Inventing the bulb: Preventing Re-invention
‘He copied my invention’. Oh really? Many inventors feel that their invention can fetch them a patent. While, there are many in the inventor’s club who compare patent with the Holy Grail. They assume that their small improvement over existing technologies is not an amazing technology to provide them a patent with. This is not completely true. It is true that many nations enforce patent laws to encourage inventors by giving them an exclusive right on their invention for a period of time. Though, there is one hidden objective of patent laws around the world not realized by many. Patent laws prevent re-inventions.
Thomas Alva Edison, one of the great inventors in the world, had a massive number of 1,093 patents in his name. Many critics say that he never invented any of his inventions. Others argue that he made improvements in the present inventions and thus innovated. This is the key difference being talked about in the last blog post on ‘…innovation and invention’. Edison did what interest him and he found the gaps in present technology. His famous quotes describe this ideology, which led him to form a technology company, presently known as General Electric (GE).
“I make what people want.
“Anything that won’t sell, I don’t want to invent. Its sale is proof of utility, and utility is success.”
Why is the world moving so fast in the past few decades? How are we having new technologies coming up at such a massive pace? There is one cause that I could think of. Coming back to the concept of re-invention, many companies before conceptualizing an idea do what is called is ‘prior art search’ to comply with patent laws. Has this idea being invented or used before? This saves lot of time, energy, money, and intellect on working again on the invention already developed by someone else. This approach also helps in filing the gaps and allows the technology to move fast into the market. Assume, if every inventor would have been working on developing Pentium-I processor, we would not have got the privilege to use IBM’s Dual Core or AMD’s Athlon processor (which are at least 10 times faster than Pentium-I) within a span of 10 years.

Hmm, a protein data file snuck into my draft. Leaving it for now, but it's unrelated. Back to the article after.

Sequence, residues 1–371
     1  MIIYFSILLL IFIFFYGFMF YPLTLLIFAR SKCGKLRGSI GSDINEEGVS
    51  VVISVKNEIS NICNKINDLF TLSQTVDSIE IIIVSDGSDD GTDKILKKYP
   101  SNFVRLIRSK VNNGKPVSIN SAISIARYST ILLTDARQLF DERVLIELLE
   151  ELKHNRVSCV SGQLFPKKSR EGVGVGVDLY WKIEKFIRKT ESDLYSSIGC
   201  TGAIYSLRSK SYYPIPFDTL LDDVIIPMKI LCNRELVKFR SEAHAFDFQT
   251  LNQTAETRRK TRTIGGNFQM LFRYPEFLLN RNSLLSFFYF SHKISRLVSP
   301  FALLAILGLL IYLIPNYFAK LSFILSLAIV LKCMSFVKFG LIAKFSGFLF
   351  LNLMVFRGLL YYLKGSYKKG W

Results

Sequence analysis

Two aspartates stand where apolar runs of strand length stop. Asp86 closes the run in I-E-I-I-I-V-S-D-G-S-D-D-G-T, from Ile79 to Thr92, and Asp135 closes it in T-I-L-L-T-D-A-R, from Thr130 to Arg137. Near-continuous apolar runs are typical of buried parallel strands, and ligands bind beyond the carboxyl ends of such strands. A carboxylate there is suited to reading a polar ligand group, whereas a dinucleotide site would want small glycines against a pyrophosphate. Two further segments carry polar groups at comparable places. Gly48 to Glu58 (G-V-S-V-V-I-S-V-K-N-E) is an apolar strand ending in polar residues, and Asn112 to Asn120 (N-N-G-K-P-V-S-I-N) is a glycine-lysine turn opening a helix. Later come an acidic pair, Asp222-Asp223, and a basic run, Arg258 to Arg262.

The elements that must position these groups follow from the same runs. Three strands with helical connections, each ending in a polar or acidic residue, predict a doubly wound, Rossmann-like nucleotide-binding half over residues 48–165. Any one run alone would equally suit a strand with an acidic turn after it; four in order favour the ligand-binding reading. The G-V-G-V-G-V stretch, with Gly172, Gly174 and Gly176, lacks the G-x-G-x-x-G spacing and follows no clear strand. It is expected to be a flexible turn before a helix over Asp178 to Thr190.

Thus, I believe that innovation on pre-existing technologies is a good attempt to fill the existing technology gaps, let customers have what they want in time, and prevent re-invention.